Fast-paced account of the fast-lived lives of Mr. Barrow and Ms. Parker.
In Arthur Penn’s 1967 film Bonnie and Clyde, Faye Dunaway was a fine fit for Bonnie, who, said one eyewitness, “could turn heads.” Schneider (Brutal Journey: The Epic Story of the First Crossing of North America, 2006, etc.) is inclined to a touch more noirish poetry, describing the young Dallas waitress as looking “like a piece of candy…dressed in a funny uniform with enormous lapels, like some cross between a French maid and Raggedy Anne, and she’s barely taller than the big brass cash register on the counter.” But Warren Beatty? Well, Clyde Barrow wasn’t the king stud of the Texas bad guys—that honor went to a contemporary aptly named “Dapper Dan”—but rather a thin drink of water, albeit with a very bad attitude and a solid record of standing tall before judges. Schneider takes some risk in attempting to put himself into the heads of Bonnie, Clyde and assorted criminals and lawmen. But, as he points out in a note on sources, the story has been well covered before by numerous contemporaries of the Depression-era dastardly duo, so that there are plenty of primary sources to back up his claims. Schneider does a righteous job of understanding Bonnie and Clyde, and if they’re not wholly sympathetic—they did kill folks, after all—they’re not wholly monstrous either. Thanks to Penn’s film, there are plenty of people who have some sense of how they lived and died—spectacularly, and without much regard for the messes they left behind. Schneider shows how oddly accurate the film got at least those final moments, all rat-a-tat machine guns and chirping cicadas.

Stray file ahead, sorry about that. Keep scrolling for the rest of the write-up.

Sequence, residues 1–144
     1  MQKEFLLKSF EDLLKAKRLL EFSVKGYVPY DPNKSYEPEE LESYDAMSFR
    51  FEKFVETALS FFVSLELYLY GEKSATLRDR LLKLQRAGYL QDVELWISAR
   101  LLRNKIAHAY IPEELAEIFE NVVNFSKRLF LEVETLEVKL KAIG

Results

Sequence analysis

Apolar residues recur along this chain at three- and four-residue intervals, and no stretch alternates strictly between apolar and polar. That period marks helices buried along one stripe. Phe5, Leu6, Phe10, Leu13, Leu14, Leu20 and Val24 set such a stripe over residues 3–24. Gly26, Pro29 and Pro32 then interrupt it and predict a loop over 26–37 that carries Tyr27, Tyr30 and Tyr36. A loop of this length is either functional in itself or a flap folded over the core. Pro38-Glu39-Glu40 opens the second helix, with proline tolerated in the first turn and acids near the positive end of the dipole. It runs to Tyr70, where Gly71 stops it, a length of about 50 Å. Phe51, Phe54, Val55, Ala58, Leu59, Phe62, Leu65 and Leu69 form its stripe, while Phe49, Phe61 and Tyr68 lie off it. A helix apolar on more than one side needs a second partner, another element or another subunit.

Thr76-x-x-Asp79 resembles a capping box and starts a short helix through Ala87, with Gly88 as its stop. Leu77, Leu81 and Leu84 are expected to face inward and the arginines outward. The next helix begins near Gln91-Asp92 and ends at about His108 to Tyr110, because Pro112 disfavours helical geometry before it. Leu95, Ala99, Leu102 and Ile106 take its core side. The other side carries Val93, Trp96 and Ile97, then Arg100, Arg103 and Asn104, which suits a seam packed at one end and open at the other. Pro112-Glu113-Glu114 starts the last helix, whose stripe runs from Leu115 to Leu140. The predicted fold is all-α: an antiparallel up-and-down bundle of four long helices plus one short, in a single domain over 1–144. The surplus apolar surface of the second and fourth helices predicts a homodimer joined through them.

A pleasure for true-crime buffs and a better read than Jeff Guinn’s Go Down Together (2009)—though Guinn breaks more news.